As has been said, it is crucial to recognise the vital role that unpaid family carers play in dementia services. The national carers strategy was launched recently, and carers’ concerns are now considered in relation to health and social care in a new way. I have campaigned, through two private Member’s Bills, for health professionals to identify and support carers, and I will continue to press that case. Early diagnosis of dementia is important, and at that point, the consultant or general practitioner should also identify the patient’s carer and refer them to the support that they will need to cope with their growing caring responsibilities. I think that the hon. Member for Sutton and Cheam said that there are only 20 quality and outcomes framework points for GPs identifying dementia patients, but there are only three QOF points for identifying carers. Surely that should be reviewed.

Mr. Philip Hollobone (Kettering) (Con): Does the hon. Lady agree that one of the most distressing aspects of dementia care is how it affects couples? People affected by dementia are often cared for by elderly spouses who might have different problems of their own. There does not seem to be enough emphasis in the system on keeping couples together to face their different health challenges.

Barbara Keeley: That is a key issue. As we press matters such as dignity and support for carers, the issues that couples face have to be taken more into account.

Carers have vital information needs, and we are starting to recognise that they should be offered training, support through carers groups and breaks from caring. The Alzheimer’s Society survey of carers and its recent report showed that only 40 per cent. of the carers surveyed attend a support group, that 29 per cent. have respite care at home and that 29 per cent. have respite
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care through a care home. That may be due to issues of quality and availability, but given that many carers of people with dementia are at the heavy end of caring, the position must be improved. Carers I have met tell me that they feel as though they are fighting the care system to get what they and the person for whom they care need. The process can be exhausting; it is stressful enough to be a carer without having to fight the system too. To help carers, we must continue to campaign until they have more information, a simple and fairer financial system for funding, and the option of help at home and breaks when needed.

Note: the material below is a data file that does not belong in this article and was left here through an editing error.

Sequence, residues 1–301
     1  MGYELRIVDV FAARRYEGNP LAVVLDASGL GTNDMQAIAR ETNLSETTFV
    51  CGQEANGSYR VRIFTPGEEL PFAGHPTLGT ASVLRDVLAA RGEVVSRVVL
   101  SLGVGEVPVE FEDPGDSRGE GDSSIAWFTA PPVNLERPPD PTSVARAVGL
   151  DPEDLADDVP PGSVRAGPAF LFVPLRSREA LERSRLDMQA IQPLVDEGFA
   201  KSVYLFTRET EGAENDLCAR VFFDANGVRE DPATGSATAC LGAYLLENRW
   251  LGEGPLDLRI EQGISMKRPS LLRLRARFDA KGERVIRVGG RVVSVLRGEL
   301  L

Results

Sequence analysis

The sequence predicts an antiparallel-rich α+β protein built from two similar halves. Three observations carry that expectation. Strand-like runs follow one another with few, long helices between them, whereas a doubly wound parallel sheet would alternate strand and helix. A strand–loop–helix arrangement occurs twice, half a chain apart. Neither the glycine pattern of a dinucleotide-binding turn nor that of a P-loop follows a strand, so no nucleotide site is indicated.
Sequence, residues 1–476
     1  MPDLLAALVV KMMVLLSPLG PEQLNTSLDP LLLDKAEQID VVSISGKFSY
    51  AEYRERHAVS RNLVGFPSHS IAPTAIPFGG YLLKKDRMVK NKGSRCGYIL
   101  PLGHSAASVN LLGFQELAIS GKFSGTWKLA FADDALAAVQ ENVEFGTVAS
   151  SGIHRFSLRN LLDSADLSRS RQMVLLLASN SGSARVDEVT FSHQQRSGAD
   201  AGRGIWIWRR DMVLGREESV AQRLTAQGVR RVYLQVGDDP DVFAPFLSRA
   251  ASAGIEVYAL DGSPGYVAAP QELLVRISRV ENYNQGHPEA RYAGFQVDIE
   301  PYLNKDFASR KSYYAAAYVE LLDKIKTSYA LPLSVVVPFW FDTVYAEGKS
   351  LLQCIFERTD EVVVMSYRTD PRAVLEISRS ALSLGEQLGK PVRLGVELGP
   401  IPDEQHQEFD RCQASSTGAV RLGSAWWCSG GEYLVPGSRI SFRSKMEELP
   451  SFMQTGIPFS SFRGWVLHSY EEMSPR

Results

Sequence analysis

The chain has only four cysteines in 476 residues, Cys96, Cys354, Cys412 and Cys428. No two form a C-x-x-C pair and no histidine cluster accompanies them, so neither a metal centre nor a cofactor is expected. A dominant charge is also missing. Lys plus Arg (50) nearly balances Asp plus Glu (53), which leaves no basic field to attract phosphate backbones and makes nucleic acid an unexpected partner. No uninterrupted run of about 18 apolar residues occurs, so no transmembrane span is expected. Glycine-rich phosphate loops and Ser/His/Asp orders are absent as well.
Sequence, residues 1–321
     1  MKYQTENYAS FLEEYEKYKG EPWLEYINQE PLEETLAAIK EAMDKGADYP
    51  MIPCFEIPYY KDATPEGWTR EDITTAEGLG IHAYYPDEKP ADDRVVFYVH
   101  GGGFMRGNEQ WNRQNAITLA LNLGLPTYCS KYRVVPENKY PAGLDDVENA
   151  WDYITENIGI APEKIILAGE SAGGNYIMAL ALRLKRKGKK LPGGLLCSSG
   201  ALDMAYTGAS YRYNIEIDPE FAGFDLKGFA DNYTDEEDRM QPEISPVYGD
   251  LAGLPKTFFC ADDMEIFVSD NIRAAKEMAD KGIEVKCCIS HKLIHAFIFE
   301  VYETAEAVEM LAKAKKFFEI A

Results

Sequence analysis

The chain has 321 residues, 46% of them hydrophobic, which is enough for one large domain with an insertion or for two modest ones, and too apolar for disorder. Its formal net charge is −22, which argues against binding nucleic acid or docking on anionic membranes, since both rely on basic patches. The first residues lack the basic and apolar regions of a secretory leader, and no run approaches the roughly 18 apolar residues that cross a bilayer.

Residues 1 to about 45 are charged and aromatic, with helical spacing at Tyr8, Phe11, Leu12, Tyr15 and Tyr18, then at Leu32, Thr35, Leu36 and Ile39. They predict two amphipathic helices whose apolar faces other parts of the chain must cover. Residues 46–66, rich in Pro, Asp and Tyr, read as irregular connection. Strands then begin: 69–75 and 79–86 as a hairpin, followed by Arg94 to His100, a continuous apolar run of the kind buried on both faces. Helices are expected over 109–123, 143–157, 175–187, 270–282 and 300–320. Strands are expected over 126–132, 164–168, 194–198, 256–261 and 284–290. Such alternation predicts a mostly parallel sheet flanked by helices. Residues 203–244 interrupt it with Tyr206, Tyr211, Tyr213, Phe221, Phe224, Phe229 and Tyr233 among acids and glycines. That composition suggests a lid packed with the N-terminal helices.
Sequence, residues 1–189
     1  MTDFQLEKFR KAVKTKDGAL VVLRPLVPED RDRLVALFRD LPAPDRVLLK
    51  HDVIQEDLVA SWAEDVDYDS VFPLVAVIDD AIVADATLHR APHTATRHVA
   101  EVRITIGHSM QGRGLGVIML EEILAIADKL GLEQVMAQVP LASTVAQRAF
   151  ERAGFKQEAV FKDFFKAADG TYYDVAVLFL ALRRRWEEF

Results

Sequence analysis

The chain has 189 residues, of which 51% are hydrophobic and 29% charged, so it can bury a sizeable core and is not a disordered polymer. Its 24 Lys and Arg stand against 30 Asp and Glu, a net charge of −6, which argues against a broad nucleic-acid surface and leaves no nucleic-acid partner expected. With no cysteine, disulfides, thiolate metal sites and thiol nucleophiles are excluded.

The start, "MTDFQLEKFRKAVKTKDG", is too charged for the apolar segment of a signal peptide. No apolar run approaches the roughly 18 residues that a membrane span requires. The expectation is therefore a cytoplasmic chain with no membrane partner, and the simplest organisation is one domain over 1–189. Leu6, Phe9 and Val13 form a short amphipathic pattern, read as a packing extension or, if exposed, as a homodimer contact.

Another issue of concern is the difference between the end of life care offered to cancer patients and that offered to people with dementia. Hospices do a wonderful job; I single out in particular St. Ann’s hospice in Little Hulton, in my constituency, which is a wonderful resource. We should consider whether we can offer dementia patients more dignified end of life care, in the same way as cancer patients are treated at hospices, as well as giving their family members more support.

We should have the national dementia strategy by autumn. With the new national carers strategy, the personalisation agenda launched in “Putting People First” and the review of future funding, we have our best chance for decades to bring about the changes that many of us want in health and social care.

10.6 am

Greg Mulholland (Leeds, North-West) (LD): I congratulate my hon. Friend the Member for Sutton and Cheam (Mr. Burstow) on securing this hugely important debate. As everyone in the House knows, he has been extremely active in this area. Indeed, before I took up my current role he used to perform it, and did so with real distinction. I pay tribute to his work; he has shown himself to be a real champion for older people, particularly those who are vulnerable.

The debate is particularly timely as it comes after last week’s dementia awareness week. The issue is of ever greater and more pressing importance in society. Current estimates suggest that more than 700,000 people in the UK have dementia, and that number is expected to rise by more than 1 million by 2025 and 1.7 million by 2051.